Thursday, December 1, 2011

World Aids Day: How is the Orthodoxy Faring Under the Stress of Evidence?

A recently published survey shows that national HIV prevalence in South Africa has hovered at just under 30% since 2004. The authors suggest that a lot more people are living longer with HIV because they are accessing antiretroviral treatment. This may be so, but not many South Africans were accessing treatment until fairly recently. What the figures also suggest is that a few hundred thousand deaths every year are also being matched by a few hundred thousand new infections.

There's a massive variation between provinces, ranging from just over 20% in Kwa-ZuluNatal to 3% in Northern Cape. There's also a huge variation among age groups, with highest rates among 15-29 year olds, but peaking among 20-24 year olds at just over 30%. Still, the 19% prevalence figure is astonishing for 15-19 year olds and is in need of explanation.

From less than 1% in 1990, HIV prevalence has increased rapidly, exceeding 20% in 1998 and reaching 25% in 2001. Prevalence has not fallen below 25% in the last 10 years. Rates in antenatal clinics are even more astonishing, reaching over 40% among 30-34 year olds. The highest rate of all, 46.4%, was found in Uthukela, Kwa-ZuluNatal.

It's something of a conundrum that so many more women than men are infected in South Africa and other high HIV prevalence countries, all of which are in sub-Saharan Africa. It's a conundrum because hardly any women are infected in Western countries, compared to men. One of the few female risk groups in Western countries is intravenous drug users. Even sex workers are unlikely to be infected unless they are also drug users.

So why is it that the opposite is true in Africa? Western women are infected through heterosexual sex, but in very low numbers. Yet in South Africa, most of the women infected are not intravenous drug users or sex workers. According to the HIV orthodoxy, they are infected through heterosexual sex, apparently penile-vaginal sex.

And most Western men are infected through receptive anal intercourse or intravenous drug use. Some may be infected through heterosexual sex, but not many. Far more men than women are infected because far more men than women face the most serious risks.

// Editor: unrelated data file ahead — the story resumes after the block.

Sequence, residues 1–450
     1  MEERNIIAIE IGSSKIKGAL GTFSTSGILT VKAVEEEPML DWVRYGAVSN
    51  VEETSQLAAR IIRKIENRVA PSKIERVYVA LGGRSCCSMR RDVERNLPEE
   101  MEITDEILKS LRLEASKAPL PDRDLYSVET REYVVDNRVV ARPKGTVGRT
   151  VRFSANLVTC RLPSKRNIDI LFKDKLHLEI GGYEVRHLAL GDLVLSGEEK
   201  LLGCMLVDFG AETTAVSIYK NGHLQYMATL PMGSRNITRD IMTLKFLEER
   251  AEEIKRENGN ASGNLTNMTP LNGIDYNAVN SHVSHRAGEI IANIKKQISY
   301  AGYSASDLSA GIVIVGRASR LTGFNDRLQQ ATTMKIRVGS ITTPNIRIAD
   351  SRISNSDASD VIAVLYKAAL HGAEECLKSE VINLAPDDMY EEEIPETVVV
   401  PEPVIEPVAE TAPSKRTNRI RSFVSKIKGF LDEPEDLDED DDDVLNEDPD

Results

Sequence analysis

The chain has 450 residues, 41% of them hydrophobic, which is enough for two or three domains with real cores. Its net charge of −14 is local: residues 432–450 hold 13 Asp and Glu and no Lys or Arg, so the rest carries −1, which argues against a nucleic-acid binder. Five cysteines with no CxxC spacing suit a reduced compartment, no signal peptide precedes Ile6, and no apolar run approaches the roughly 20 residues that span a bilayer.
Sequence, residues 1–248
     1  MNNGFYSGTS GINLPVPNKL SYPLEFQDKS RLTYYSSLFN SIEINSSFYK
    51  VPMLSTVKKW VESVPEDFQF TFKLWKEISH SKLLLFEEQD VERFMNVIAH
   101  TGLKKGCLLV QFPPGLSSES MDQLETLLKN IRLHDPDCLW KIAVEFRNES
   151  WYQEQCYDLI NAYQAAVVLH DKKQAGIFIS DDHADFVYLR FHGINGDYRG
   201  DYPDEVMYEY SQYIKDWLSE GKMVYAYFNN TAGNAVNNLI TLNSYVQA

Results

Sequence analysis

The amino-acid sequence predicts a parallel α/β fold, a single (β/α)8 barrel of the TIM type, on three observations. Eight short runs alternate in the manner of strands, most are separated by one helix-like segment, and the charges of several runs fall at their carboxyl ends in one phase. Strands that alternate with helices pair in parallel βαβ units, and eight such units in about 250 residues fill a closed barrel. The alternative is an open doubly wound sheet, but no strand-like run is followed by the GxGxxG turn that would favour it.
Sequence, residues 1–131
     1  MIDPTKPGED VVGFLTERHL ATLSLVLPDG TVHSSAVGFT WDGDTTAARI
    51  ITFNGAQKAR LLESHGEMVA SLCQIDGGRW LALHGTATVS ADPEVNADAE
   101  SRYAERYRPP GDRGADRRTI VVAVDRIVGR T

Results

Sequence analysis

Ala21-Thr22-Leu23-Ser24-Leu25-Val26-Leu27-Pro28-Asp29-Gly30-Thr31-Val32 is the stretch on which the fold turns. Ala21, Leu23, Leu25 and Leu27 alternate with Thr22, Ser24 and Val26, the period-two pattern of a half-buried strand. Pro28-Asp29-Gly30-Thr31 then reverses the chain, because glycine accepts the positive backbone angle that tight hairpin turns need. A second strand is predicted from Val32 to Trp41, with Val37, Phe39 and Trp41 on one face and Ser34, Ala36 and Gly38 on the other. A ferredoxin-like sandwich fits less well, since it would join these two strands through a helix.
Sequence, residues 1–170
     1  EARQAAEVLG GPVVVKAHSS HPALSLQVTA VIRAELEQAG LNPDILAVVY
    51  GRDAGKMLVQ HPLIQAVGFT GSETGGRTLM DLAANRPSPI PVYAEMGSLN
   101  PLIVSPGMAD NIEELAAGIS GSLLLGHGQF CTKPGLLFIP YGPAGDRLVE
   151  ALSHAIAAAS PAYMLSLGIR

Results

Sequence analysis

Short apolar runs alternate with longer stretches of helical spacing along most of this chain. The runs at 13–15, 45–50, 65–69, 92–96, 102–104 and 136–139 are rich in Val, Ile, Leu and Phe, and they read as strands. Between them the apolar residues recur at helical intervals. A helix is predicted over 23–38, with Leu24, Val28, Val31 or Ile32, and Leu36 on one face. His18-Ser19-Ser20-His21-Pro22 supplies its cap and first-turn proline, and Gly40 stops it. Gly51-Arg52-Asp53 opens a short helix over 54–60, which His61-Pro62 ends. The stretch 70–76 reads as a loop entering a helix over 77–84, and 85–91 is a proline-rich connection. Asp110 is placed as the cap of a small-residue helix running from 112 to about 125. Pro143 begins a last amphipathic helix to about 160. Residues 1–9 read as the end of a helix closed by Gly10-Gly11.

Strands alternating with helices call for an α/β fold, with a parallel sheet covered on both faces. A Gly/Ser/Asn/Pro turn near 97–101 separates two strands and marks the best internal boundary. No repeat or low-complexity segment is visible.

Indeed, in African countries, it could be asked how many men are really infected by women through penile-vaginal sex. Because the lower percentage of men infected also includes those who engage in receptive anal sex and those who are infected through intravenous drug use. Few women engage in intravenous drug use, though they face the same elevated risk of infection through anal sex as men who engage in receptive anal sex.

It could make one wonder just how many men are being infected through heterosexual sex, and how so many women are being infected by what amounts to a relatively small number of HIV positive men. Of course, you can add in the HIV orthodoxy special African spice of dry sex, concurrency, rampant levels of partner change, etc. But you might still wonder...

Then there are, in the same report, the figures for syphilis. From a high of just over 11% in 1997, when HIV prevalence was just under 20%, syphilis fell steadily to a quarter or even a sixth of that rate after 2000, and stayed there. Syphilis rates do not correspond with HIV rates, not even a little bit. Kwa-Zulu Natal has the second lowest rates and Northern Cape has the highest. Also, syphilis prevalence does not vary much by age.

You might be forgiven for thinking that the virus that is difficult to transmit sexually, HIV, must also be transmitted non-sexually, perhaps to a very great extent, since the relatively easy to transmit syphilis dropped at the same time as HIV was increasing, and stayed low, while HIV stayed high. Or you might immediately dismiss that idea, since it flies in the face of so much UNAIDS propaganda.

Either way, you might wonder if the same virus, HIV, could only infect those who take the biggest risks in Western countries, yet it seems to infect more of those who take the smallest risks in African countries. Or you might be a member of the mainstream press, and not wonder at all, not once in thirty years.


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